Moke Tar Gar

Orcish coming of age ceremony. Participants are normally sixteen years old.

Origins

Orcs recognize three distinct stages of life. Childhood is a time of learning and apprenticeship. Adulthood is a time of making and acting. Elderhood is a time of advising and teaching. Orcs do not hold the three stages as absolute, for example orcs realize an orc doesn't stop learning once he becomes an adult and he can teach others before becoming an elder, but as a general description of the purpose of each stage of life. This "guidelines rather than rules" approach is especially important on the upper end, given the relatively low life expectancy of orcs and the limited number that live to become elders.¬†   The transition from for life stage to another is marked with rites of passage. The move from childhood to adulthood involves two ceremonies. The Mik Narg Gar is the transition from apprentice to journeyman and marks the orc's becoming an adult in his chosen trade or craft. The Moke Tar Gar is the recognition of being a warrior and becoming an adult in society.   Due to the Orc's passage from Korramdak to Therrmordia, the doorway is the main symbol of change and transition in Orc culture. Since most¬†ceremonies involve some aspect of change, doorways feature in most Orcish rituals. This is especially true in a ritual like a rite of passage.  

Description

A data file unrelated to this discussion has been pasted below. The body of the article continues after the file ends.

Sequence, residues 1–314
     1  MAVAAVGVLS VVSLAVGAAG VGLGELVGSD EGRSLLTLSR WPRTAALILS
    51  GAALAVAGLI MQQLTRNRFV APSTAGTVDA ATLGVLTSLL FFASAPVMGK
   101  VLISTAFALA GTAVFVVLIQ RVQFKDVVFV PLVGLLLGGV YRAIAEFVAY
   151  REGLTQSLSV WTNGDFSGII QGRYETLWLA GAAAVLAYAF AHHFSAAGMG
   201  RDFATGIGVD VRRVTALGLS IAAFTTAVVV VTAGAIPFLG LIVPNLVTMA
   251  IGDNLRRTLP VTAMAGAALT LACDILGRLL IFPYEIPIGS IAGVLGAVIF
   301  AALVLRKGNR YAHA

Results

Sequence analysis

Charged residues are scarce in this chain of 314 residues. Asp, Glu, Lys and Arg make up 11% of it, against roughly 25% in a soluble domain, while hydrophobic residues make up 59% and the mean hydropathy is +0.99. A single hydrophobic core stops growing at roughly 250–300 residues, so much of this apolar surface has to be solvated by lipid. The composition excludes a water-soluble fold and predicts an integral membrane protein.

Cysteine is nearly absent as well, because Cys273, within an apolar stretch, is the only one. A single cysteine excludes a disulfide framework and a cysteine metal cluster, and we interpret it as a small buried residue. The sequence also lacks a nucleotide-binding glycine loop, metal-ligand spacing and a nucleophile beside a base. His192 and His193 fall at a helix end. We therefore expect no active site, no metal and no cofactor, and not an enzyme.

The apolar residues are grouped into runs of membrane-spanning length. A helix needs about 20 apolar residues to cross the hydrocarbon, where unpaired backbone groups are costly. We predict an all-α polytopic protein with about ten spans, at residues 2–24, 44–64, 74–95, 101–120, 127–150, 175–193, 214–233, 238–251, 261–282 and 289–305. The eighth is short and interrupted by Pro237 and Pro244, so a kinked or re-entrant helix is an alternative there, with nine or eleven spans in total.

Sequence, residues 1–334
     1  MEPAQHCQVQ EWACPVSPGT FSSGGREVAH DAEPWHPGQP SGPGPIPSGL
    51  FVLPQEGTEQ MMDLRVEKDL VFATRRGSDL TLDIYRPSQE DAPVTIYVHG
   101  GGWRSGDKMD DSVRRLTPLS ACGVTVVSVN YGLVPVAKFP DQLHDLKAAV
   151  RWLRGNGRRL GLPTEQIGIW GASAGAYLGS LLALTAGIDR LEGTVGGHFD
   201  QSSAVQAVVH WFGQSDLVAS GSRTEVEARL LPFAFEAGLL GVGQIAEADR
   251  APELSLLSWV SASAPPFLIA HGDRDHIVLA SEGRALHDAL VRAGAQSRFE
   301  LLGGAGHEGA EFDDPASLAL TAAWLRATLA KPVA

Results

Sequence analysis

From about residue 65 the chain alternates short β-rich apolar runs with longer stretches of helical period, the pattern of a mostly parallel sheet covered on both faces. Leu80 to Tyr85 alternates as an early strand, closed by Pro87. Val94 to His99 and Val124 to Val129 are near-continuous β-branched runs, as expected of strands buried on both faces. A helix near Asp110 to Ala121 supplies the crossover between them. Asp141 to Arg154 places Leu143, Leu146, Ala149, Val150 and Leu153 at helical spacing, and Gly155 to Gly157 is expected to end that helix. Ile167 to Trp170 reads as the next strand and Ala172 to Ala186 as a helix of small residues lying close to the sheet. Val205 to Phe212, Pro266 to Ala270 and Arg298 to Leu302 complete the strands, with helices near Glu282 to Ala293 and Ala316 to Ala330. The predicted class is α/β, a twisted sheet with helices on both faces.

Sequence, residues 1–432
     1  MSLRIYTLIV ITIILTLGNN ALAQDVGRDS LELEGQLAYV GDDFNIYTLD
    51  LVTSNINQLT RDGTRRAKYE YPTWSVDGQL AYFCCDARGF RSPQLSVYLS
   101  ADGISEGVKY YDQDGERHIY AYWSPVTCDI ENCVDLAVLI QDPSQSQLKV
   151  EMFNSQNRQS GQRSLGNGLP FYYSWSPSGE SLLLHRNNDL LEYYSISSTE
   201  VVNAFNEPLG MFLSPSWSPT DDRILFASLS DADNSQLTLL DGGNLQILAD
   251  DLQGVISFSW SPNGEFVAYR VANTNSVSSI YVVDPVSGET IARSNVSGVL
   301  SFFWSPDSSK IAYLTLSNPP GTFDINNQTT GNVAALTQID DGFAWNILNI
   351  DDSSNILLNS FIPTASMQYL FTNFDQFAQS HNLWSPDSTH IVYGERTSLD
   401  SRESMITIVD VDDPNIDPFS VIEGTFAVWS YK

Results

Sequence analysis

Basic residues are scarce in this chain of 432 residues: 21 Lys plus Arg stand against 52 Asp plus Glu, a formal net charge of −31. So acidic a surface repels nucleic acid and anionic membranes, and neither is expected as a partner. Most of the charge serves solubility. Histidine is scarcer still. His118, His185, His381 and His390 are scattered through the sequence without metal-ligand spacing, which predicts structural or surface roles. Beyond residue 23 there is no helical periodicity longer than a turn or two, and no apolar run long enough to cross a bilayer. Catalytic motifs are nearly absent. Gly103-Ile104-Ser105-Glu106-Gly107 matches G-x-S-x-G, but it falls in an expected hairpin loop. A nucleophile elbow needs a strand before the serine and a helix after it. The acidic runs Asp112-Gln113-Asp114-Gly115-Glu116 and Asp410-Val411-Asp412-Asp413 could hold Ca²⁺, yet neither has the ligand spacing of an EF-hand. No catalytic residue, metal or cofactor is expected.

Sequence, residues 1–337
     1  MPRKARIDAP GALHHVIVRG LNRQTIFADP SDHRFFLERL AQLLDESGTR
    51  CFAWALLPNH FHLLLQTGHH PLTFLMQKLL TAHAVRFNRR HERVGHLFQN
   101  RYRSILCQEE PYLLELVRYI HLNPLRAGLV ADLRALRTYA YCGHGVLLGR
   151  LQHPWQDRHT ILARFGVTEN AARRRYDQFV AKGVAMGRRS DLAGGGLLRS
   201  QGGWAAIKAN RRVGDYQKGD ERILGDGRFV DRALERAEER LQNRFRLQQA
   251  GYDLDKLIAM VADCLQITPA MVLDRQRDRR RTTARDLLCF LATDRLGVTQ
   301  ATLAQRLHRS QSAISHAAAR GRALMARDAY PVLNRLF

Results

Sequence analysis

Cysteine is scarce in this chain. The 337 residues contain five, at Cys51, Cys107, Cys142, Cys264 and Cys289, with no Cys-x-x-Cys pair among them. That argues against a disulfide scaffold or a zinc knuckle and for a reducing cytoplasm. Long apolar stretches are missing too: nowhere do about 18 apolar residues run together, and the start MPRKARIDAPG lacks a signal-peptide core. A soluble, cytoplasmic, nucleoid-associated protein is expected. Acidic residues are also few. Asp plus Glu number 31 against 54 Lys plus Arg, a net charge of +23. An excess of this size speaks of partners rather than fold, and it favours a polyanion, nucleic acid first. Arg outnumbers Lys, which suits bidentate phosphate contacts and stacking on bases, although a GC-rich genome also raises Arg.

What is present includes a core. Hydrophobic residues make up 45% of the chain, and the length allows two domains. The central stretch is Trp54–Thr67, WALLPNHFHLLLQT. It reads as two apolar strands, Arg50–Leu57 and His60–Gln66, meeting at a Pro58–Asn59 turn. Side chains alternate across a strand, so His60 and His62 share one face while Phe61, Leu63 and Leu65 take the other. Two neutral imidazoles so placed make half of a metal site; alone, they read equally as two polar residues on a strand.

The ceremony takes place at the settlement's sacred door way. The sacred doorway is a freestanding structure located in a prominent open space and is normally two orcs tall and two to three orcs broad. It is made of a post and lintel construction and may be made of wood metal and stone. The door way is normally highly decorated with engravings and inlays. Children of extremely prominent orcs, such as tribal chiefs, may travel to the First Door to complete their Moke Tar Gar.¬†   Before the ceremony the orc undergoing the Moke Tar Gar must kill an animal. This can be through hunting or slaughtering a domestic beast.   The participant stands on one side of the doorway holding a practice weapon and carrying a favored toy or other object associated with their childhood. When the ceremony begins the participant lays down the weapon and other object and steps through the door. There the orc is met by a tribe sub-chief (Orc Chiefs tend to officiate at the ceremonies for important subordinates, though some chiefs try to attend as many Moke Tar Gars as possible). The sub-chief hands the orc a knife, and the orc cuts off his sukok braid and throws it on the ground. The sub-chief presents the orc with a weapon (normally an axe or spear) and a shield. then paints the tribe's symbol on the orcs forehead. Finally the sub chief dips the palm side of his hands in the blood of the slain animal and holds the participant's face, leaving bloody handprints. Once the ceremony is complete, there is a celebratory meal.

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